The Qantas Boeing 737-800 'RetroRoo' is notable for more than just its funky 1970s livery – it's also the last of 75 Boeing 737-800s on the airline's order book, leaving Qantas to ponder a next-gen replacement for its domestic workhorse in the form of the Boeing 737 MAX or the Airbus A320neo.
"At some point over the next few years we'll have to consider what's next" Qantas chief financial officer Gareth Evans told Australian Business Traveller on the sidelines of the RetroRoo's delivery ceremony in Seattle.
Qantas enjoys a relatively young 737-800 fleet – "our oldest 737-800 is 2002 vintage, so it's just middle age" Evan says – "but from a medium- to long-term perspective the next major decision for our domestic fleet is the 737 MAX or A320neo."
Both the Boeing 737 MAX (below) and Airbus A320neo use high-efficiency engines with refined aerodynamics such as new wingtip designs to deliver fuel savings estimated at 13-15%, along with lower operating costs and reduced noise.
Virgin Australia has already made its call in favour of the Boeing 737 MAX, and has in fact brought forward the first delivery of 23 jets to 2018, while Air New Zealand has chosen the A320neo to sharpen the Kiwi carrier's competitive edge against Qantas on the trans-Tasman market.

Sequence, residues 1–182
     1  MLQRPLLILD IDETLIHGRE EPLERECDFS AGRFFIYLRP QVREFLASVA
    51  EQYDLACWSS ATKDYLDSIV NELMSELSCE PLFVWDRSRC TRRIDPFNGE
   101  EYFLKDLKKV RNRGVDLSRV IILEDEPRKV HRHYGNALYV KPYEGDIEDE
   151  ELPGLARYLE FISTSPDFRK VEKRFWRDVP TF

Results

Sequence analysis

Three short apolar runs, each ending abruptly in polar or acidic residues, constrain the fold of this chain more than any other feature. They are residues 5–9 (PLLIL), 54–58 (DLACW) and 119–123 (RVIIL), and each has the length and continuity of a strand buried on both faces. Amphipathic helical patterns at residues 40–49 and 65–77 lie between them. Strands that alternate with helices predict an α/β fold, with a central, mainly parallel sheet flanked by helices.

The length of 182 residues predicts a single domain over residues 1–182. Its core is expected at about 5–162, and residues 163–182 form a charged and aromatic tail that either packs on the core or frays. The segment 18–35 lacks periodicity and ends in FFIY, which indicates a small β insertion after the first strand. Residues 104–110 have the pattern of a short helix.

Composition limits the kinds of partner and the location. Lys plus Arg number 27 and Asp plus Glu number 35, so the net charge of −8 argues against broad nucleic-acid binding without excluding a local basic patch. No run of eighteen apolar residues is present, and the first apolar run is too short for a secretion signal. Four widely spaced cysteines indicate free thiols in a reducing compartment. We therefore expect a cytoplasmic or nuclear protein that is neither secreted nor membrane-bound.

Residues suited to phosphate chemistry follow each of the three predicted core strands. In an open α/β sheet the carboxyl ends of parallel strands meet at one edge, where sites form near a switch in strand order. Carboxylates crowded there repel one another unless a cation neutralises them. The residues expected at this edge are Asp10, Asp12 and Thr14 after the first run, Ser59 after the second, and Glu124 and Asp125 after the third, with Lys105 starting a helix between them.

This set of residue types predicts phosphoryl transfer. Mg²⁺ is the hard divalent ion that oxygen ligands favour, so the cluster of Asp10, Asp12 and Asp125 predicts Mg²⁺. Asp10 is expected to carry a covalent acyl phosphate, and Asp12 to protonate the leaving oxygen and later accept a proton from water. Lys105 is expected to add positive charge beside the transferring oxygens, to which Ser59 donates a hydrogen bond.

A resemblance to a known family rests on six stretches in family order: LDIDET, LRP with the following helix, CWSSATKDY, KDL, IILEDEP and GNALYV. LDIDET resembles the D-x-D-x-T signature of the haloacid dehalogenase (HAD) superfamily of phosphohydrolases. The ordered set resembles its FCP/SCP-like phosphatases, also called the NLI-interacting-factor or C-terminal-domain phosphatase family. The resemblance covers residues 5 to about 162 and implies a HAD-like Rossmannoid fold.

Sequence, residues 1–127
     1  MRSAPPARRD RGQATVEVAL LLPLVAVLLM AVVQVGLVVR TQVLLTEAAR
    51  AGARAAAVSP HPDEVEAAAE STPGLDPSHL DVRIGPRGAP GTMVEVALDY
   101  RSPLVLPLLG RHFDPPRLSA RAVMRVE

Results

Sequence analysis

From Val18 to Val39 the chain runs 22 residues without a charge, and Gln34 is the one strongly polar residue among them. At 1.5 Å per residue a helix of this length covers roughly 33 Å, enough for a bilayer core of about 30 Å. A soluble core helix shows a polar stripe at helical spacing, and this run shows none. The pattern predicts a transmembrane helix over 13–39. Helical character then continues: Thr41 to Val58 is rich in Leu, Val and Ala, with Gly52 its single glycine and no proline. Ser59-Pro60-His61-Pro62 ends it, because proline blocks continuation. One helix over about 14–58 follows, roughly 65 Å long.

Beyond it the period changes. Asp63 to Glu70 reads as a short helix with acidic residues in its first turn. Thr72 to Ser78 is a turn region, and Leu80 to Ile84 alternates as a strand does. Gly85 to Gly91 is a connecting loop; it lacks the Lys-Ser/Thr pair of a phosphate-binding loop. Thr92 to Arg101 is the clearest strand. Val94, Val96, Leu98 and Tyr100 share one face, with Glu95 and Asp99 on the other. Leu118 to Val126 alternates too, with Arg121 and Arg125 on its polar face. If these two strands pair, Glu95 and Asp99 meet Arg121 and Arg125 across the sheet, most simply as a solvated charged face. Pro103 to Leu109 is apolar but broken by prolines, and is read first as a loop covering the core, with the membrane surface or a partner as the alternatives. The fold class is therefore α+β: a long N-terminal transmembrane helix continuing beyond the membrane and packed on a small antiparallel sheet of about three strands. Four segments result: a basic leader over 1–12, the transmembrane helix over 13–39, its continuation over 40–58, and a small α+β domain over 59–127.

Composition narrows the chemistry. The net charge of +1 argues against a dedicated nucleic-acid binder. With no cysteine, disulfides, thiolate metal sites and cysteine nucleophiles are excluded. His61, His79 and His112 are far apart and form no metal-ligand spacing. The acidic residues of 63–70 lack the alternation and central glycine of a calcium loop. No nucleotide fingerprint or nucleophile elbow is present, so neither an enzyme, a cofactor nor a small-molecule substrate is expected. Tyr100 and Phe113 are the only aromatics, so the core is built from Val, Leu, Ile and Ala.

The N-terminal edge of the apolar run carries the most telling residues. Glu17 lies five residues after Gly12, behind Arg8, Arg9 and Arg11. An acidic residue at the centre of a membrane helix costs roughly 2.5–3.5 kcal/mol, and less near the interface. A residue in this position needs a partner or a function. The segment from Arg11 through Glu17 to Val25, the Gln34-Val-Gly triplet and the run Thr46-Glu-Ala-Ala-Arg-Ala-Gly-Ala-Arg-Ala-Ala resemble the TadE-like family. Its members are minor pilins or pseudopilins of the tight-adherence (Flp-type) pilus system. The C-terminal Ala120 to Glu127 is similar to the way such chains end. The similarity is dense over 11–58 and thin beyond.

"For Qantas we have to evaluate over the next couple of years what's the right aircraft for domestic routes – is it the Neo or the MAX?" ponders Evans. "They're both good aircraft, they're the next step in terms of efficiency, particularly around fuel burn of the engines."
Jetstar has already inked an order for 99 of the A320neo jets from 2016, although Qantas has not ruled out drafting some of the fuel-efficient aircraft into its own red-tail domestic fleet.
For now, following the late December retirement of its last Boeing 767-300, Qantas will enjoy a simplified domestic fleet comprising of the Boeing 737-800 and Airbus A330-200.
While the A330s will mainly feature on transcontinental flights from Sydney, Melbourne and Brisbane to Perth, they'll also be seen more often on east coast routes such as Sydney-Melbourne where they will fill in for the 767-300.
"We will predominately have the A330-200s flying east-west but at the beginning and end of the day they will do some east coast 'triangle' sectors and then they will go on to Perth" Evans says.
This will let some east coast commuters spend those short flights luxuriating in lie-flat beds as the A330s are upgraded with the new Qantas Business Suite.
David Flynn visited Seattle as a guest of Qantas and Boeing.
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